Healio Special Report: Health Care and Politics
Healio Special Report: Health Care and Politics
Perspective from Peter Chin-Hong, MD
Disclosures: Adalja and del Rio report no relevant financial disclosures. Kuppalli reports being a consultant for GlaxoSmithKline.
January 20, 2021
3 min read
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Biden administration to resume US engagement with WHO

Perspective from Peter Chin-Hong, MD
Disclosures: Adalja and del Rio report no relevant financial disclosures. Kuppalli reports being a consultant for GlaxoSmithKline.
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Among several executive orders to be signed on his first day in office, President Joseph R. Biden Jr. pledged that the United States would split with the Trump administration and “re-engage” with WHO.

The order will “cease the previous administration’s process of withdrawing from the World Health Organization — an entity that is critical to coordinating the international response to COVID-19, advancing preparedness for future epidemics and pandemics, and improving the health of all people,” the Biden-Harris transition team said in a release.

Carlos del Rio quote

Announced in July, the Trump administration’s plan to withdraw from WHO was criticized by experts as dangerous and counterproductive to efforts to fight the pandemic. Trump earlier cited WHO’s relationship with China and its criticism of the administration’s travel bans early in the pandemic as reasons to stop funding the agency.

The Biden-Harris team said that National Institute of Allergy and Infectious Diseases Director Anthony S. Fauci, MD, would lead a U.S. delegation that will participate in the WHO executive board meeting this week, and would be delivering remarks to that meeting on Jan. 21.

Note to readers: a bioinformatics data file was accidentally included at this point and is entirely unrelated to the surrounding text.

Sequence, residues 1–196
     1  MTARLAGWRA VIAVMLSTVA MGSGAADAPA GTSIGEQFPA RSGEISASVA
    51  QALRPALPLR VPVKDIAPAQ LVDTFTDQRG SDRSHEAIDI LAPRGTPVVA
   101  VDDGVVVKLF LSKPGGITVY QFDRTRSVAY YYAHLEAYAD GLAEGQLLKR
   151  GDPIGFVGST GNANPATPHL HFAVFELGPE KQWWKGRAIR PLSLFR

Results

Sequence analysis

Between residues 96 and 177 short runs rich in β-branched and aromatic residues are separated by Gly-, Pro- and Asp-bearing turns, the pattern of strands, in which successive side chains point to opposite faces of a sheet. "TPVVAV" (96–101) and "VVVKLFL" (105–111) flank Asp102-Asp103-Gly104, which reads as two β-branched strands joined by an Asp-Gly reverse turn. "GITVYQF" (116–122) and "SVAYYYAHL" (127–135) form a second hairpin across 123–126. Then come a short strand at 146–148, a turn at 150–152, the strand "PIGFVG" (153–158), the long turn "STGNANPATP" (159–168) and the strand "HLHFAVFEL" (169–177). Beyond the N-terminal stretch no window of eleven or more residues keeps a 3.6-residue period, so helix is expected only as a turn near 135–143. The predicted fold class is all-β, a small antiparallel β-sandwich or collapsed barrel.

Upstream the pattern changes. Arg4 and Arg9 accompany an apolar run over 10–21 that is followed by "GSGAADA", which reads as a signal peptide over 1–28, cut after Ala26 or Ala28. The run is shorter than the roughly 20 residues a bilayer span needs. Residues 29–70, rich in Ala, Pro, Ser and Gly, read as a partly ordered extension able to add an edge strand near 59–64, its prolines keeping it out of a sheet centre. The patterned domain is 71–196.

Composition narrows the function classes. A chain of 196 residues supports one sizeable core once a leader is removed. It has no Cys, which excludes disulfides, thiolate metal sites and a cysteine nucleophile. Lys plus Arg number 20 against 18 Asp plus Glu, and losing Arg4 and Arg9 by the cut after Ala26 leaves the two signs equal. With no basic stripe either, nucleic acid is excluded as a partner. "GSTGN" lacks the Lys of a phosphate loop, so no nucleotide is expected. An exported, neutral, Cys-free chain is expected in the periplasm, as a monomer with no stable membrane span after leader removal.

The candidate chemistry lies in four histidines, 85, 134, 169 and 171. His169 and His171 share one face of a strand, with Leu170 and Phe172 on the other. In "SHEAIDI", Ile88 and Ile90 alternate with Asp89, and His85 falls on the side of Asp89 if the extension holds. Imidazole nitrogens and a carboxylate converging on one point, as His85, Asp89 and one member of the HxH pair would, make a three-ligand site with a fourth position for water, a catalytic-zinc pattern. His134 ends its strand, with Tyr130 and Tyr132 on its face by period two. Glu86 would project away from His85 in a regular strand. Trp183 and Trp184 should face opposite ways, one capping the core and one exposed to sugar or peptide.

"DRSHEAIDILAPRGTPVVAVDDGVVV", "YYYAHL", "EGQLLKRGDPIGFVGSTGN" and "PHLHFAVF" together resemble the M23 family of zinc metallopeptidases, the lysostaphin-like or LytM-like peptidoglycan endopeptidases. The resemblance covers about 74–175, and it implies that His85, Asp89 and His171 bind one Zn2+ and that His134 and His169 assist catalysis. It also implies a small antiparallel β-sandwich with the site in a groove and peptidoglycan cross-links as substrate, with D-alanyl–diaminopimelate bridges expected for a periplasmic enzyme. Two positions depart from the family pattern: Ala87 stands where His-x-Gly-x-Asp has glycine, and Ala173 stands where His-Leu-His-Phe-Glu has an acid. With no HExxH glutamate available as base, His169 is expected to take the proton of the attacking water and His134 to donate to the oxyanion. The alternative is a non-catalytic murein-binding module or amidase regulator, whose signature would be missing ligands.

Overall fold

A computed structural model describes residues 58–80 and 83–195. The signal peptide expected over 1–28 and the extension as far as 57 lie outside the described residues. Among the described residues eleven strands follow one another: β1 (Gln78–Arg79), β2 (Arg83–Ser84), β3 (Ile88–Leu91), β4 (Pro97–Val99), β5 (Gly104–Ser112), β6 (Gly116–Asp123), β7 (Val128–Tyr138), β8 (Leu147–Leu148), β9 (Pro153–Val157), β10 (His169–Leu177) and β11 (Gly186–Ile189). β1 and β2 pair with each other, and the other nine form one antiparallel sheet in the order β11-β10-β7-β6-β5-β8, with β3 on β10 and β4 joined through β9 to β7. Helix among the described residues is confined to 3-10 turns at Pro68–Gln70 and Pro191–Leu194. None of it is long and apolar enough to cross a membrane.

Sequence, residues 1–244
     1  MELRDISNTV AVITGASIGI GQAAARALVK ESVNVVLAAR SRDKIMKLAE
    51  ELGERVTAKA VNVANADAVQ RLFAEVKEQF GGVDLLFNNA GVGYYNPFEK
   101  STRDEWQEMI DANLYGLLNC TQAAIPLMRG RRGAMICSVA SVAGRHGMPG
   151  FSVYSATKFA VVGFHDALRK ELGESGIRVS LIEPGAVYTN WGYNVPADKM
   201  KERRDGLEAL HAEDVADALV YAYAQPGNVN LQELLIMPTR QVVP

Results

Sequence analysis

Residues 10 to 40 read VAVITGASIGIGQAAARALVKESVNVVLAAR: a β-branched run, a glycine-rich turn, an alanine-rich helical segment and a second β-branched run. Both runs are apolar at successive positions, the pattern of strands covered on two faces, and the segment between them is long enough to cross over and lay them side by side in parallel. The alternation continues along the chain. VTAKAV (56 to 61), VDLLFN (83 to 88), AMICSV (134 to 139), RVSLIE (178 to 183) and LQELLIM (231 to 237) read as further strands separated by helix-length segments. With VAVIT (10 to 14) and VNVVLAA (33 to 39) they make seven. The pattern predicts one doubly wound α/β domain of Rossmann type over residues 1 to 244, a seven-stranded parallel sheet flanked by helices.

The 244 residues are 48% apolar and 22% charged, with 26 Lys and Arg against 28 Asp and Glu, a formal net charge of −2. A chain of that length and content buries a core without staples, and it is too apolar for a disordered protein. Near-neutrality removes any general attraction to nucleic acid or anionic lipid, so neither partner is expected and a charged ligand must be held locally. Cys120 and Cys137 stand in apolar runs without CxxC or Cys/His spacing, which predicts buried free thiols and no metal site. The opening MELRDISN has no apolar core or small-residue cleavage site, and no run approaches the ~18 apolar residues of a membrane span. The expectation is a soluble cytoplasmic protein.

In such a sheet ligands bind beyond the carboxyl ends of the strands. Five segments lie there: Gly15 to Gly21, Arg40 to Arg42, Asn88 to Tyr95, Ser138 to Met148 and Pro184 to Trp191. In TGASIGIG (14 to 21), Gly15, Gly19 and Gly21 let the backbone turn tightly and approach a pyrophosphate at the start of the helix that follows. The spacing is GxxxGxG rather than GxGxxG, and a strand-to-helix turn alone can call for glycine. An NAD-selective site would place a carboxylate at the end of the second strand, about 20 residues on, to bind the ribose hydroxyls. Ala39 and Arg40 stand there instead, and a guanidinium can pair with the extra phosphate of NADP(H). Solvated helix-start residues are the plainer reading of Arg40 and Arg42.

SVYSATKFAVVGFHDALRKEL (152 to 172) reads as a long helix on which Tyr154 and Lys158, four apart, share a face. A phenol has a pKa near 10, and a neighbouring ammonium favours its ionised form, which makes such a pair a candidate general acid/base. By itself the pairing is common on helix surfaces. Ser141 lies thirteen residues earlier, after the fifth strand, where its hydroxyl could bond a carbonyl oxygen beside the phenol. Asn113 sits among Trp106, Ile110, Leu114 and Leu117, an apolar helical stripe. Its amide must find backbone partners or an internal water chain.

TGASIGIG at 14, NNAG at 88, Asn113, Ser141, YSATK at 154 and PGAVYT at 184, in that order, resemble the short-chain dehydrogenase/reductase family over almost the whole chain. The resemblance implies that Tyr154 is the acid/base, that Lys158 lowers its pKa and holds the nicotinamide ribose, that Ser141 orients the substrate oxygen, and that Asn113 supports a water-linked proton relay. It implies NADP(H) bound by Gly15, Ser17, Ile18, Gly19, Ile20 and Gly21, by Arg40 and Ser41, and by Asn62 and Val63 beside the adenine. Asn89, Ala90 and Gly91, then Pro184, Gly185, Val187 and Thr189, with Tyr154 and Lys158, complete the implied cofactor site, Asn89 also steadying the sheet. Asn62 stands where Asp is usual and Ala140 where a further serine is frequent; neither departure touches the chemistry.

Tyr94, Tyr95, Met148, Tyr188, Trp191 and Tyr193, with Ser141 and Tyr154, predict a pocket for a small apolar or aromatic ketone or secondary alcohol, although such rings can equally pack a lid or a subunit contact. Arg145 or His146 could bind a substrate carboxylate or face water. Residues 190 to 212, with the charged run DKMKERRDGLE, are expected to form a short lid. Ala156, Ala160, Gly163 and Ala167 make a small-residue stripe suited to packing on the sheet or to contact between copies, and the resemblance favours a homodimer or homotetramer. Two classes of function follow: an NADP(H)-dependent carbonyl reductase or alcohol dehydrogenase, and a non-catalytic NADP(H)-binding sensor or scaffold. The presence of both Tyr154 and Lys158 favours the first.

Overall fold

Anthony S. Fauci
Amesh A. Adalja

“The U.S. rejoining WHO and being able to voice and have influence on the organization, as well as being able to support some of its core missions is going to be better for this pandemic and the next potential pandemic,” Amesh A. Adalja, MD, FIDSA, FACP, FACEP, senior scholar in the Johns Hopkins Center for Health Security, told Healio. “The only way that we're going to be ready for the next pandemic is going to be having a proactive approach. That includes engaging with partners around the country and internationally, and WHO is an important venue for that.”

The Biden-Harris administration said it will work with WHO to “strengthen and reform the organization, support the COVID-19 health and humanitarian response and advance global health and health security.”

Krutika Kuppalli

“Reengaging WHO is critically important, and it is particularly important during a pandemic,” echoed Infectious Disease News Editorial Board Member Carlos del Rio, MD, distinguished professor of medicine and executive associate dean at Emory University School of Medicine. “There is no doubt many problems with WHO but the way to ‘fix it’ is by driving the change from inside — not by abandoning the most important U.N. agency working on health.”

Krutika Kuppalli, MD, an assistant professor of medicine in the infectious diseases division at the Medical University of South Carolina and a vice chair of the Infectious Diseases Society of America’s Global Health Committee, said working with WHO can help “streamline decision-making to speed up decision-making processes” for crises.

She said the new administration should improve awareness of the benefits of U.S. contributions to WHO and how these contributions affect Americans.

“I think we should learn how damaging it is to our own relationships to have withdrawn from these global partnerships, and how important it is for us to all work together if we are going to contain these global threats and create a safer world,” Kuppalli told Healio.

The Biden administration also will launch a “100 days masking challenge” to encourage American citizens to wear a mask responsibly for 100 days.